Of interest, the method of administration can play a major role in initiating antitumor immunity. It was recently reported that the administration of naked antigen-encoding RNA vaccine in the skin, subcutaneous tissue, or near a groin lymph node in an animal model did not initiate antigen-specific T cells. Only when the vaccine was injected intranodally did it induce an immune response.
A new approach to adjuvant therapy for melanoma utilizes what is available to us clinically. Applying the aforementioned results to early-stage disease, newly diagnosed high-risk patients such as those with deeply invasive primary melanoma measuring over 1.0 mm deep, mitosis, ulceration, and/or regional lymph node metastases, can have their primary sites put to use for immune manipulation, prior to the excision. The preoperative intradermal administration of low doses of GM-CSF (500 µg on day 1) followed by IL-2 (11 million IU/d on days 2 and 3) at the primary site is safe and well tolerated (except for moderate-sized skin reaction at the injection site).
This strategy results in complete tumor necrosis at the primary site with overexpression of CD8-positive, CD25-positive, and CD83-positive cells at the primary site and regional lymph nodes. The administration of GM-CSF/IL-2 can activate and stimulate dendritic cells and T cells in the presence of tumor cells, regardless of the amount of tumor present. This forms a triad of actions that can potentially initiate tumor-specific cytotoxic T cells. The two biologic agents and the induced antitumor immune cells can flow to the regional lymph nodes and systemically induce the same effects.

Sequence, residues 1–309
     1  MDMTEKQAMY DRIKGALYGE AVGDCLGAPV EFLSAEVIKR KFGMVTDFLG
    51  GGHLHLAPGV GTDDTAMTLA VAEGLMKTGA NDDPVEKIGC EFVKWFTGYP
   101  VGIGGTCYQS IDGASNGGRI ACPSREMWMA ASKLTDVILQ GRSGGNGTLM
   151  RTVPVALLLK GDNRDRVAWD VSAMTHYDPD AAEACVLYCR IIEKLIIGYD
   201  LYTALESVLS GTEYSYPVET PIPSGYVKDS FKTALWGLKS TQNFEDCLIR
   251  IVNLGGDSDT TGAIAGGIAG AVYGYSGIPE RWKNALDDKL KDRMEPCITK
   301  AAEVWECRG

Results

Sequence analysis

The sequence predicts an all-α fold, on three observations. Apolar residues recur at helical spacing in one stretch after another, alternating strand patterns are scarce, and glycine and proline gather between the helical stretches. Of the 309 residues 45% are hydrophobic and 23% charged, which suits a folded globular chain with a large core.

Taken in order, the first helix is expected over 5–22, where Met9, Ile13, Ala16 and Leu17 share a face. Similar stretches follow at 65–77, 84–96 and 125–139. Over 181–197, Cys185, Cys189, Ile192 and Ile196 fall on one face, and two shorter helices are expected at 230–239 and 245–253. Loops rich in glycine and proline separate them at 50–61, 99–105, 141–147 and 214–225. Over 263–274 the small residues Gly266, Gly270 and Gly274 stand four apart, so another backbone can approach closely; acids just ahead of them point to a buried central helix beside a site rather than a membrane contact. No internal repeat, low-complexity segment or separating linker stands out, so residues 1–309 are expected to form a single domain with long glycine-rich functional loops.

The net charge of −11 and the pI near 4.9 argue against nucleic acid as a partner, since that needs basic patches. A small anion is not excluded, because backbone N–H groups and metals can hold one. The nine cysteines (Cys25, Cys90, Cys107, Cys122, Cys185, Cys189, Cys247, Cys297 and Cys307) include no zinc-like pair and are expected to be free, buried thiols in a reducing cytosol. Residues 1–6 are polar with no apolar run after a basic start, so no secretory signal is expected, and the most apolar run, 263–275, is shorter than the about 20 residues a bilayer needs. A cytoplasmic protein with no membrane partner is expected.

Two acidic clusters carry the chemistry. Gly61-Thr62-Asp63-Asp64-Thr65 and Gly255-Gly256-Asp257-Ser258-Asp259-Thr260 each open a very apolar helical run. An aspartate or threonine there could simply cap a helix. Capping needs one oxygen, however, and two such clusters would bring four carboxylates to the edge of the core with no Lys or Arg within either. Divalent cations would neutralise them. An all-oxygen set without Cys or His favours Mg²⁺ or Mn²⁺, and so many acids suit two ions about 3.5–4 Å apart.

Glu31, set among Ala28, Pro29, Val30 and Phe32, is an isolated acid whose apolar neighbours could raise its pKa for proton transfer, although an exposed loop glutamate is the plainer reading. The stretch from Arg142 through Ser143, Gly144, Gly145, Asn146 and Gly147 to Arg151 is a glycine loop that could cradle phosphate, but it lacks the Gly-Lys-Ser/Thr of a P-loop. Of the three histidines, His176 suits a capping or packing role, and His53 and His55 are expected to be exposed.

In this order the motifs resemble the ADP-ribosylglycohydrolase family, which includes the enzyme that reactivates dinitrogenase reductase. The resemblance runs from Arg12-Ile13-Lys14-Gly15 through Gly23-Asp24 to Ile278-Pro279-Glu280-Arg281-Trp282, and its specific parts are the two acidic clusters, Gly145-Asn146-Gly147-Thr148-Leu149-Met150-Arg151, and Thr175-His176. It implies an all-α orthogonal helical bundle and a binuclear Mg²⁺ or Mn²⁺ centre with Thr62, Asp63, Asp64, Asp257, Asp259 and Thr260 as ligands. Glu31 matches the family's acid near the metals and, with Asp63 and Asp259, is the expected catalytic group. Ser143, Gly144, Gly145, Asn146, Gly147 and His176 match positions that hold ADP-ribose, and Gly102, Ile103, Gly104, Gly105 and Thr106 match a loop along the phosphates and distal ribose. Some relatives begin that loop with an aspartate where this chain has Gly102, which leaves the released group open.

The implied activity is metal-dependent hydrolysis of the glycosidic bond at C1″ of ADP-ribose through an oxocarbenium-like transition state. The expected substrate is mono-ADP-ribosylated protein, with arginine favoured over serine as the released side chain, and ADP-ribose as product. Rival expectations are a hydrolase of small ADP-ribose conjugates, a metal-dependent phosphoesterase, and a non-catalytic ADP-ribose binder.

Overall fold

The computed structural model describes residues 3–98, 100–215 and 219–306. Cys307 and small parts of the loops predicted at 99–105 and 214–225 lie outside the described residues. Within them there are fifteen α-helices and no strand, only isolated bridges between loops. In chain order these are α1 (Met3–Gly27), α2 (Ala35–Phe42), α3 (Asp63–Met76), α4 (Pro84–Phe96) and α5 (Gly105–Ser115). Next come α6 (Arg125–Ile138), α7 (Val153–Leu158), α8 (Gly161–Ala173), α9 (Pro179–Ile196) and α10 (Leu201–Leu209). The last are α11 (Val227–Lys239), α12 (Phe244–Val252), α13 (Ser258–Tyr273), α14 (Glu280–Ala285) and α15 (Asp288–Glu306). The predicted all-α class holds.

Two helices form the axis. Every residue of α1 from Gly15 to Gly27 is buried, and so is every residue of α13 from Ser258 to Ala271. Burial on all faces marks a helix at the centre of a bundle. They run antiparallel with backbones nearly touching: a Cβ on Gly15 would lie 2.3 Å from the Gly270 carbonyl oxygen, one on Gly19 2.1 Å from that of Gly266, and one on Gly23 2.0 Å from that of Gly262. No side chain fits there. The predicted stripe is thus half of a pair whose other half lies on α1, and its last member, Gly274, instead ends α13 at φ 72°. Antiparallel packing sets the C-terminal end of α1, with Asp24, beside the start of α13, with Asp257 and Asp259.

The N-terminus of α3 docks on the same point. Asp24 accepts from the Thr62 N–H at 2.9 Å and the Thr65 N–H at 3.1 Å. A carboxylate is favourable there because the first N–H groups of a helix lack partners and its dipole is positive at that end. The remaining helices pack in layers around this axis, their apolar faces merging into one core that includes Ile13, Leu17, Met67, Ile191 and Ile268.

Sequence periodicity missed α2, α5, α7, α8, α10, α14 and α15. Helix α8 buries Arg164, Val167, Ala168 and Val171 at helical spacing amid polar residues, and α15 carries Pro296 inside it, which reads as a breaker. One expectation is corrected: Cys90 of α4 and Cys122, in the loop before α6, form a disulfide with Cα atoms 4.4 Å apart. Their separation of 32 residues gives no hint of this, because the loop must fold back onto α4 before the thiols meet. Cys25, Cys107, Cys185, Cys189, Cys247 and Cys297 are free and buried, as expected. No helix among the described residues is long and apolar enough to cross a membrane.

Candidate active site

Such an approach is easily available to all practitioners, less expensive than preparing an autologous vaccine ex vivo, and does not utilize the addition of adjunct agents that cause a massive inflammatory reaction at the vaccination sites. Standard operative procedure is then carried out a week later, as wide excision of the primary with either sentinel lymph node(s) biopsy or regional lymph node dissection, depending on the stage. Postoperatively, patients with no metastases to their regional lymph nodes would have no major side effects from this approach and can be observed with no further therapy. On the other hand, those with metastases to their regional lymph nodes should be considered for additional systemic adjuvant therapy postoperatively in the form of the same low-dose of GM-CSF/IL-2 given subcutaneously to maintain and magnify the immune response.
This approach can initially be evaluated in a phase I clinical trial prior to being assessed for survival benefit in a prospective, controlled randomized study. ■
—E. George Elias, MD, PhD
Molecular Oncology Program
Georgetown Lombardi Comprehensive Cancer Center
Financial Disclosure: Dr. Elias reported no potential conflicts of interest.